This fall I've added some adventure to my regular culinary lineup by trying some new vegetables.
Eggplant looks like a creature that would bound happily behind the Hamburglar in a McDonald's commercial. I harbor bad memories of choking down large slices of eggplant parmesan, hockey pucks with a cheesy toupee.
I avoided my eggplant, all alone in the second vegetable drawer, for about a week. Finally, I chopped it into french fry sized pieces and sauteed the eggplant with onions, green peppers, carrots and mushrooms. Then, I added red pasta sauce and cooked sausage.
The eggplant absorbed the flavors in the sauce and and was a nice filler (30 kcal = 1 cup) in a pasta meal that otherwise might be high calorie.
The only problem with eggplant, besides the fact that it looks like a jelly bean of renown? A little eggplant goes a long way, and I was racing to eat it all before it went bad. When you buy an eggplant, find a friend to share it with.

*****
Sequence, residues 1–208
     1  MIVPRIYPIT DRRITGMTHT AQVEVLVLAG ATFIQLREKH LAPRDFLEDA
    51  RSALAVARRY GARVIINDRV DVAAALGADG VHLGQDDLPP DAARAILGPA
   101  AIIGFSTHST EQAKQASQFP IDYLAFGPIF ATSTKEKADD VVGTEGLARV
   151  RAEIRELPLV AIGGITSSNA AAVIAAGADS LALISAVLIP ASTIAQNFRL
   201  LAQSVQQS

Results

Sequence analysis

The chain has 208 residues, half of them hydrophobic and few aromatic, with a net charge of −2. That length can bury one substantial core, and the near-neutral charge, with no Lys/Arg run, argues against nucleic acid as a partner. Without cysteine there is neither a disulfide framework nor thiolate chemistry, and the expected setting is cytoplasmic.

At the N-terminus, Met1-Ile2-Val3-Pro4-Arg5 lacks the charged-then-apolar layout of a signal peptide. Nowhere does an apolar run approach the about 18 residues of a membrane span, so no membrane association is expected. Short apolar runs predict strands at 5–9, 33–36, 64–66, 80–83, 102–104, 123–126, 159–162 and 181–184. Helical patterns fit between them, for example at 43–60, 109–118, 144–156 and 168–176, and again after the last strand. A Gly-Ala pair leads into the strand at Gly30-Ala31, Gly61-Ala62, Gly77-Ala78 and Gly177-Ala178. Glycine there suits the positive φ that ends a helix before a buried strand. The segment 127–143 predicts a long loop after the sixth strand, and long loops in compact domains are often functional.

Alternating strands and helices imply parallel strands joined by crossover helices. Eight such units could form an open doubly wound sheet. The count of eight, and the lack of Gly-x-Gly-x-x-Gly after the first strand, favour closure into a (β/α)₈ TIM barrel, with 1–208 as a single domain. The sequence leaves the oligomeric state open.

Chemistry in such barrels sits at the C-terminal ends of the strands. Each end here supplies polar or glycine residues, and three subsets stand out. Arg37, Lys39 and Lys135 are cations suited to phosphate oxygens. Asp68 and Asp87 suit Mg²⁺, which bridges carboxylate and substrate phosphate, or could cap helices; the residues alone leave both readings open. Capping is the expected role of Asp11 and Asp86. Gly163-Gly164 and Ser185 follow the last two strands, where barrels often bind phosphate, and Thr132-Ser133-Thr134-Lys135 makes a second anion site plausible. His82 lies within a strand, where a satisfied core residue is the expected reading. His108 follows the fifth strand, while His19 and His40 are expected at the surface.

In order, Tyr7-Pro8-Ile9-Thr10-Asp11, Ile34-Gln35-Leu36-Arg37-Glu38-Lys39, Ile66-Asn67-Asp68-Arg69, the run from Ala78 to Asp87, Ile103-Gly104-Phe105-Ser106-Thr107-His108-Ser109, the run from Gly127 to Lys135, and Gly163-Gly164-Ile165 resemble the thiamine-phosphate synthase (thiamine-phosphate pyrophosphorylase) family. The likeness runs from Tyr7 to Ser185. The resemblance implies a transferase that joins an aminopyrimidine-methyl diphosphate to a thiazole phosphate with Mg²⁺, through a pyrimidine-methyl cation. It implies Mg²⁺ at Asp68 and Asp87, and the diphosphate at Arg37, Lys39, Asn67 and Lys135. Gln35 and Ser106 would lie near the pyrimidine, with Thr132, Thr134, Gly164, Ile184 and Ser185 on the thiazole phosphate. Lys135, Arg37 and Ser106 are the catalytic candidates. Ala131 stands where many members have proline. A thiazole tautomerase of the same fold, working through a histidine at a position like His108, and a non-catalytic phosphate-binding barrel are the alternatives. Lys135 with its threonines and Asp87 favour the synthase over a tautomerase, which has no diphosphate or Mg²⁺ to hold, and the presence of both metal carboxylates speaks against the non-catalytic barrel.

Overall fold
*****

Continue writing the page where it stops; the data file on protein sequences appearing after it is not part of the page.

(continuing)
Brussels Sprouts are a family favorite--to joke about. The first time Dad ate dinner with Mom's family, my mom's father, a ruddy and boisterous German, kept piling these green golf balls on my dad's plate. Bewildered, Dad kept eating them, which only increased the supply. "He was kicking me under the table the whole time," laughs Mom, recounting the tale.
Most of my family wrinkle their nose at Brussels Sprouts, but I find them tasty and a vehicle for a nice olive oil. Cut six or seven brussel sprouts in half. Drizzle with olive oil. Bake at 350 degrees until soft. Add salt and pepper, and a little more olive oil. Eat without utensils (while watching Alfred Hitchcock's The Lodger).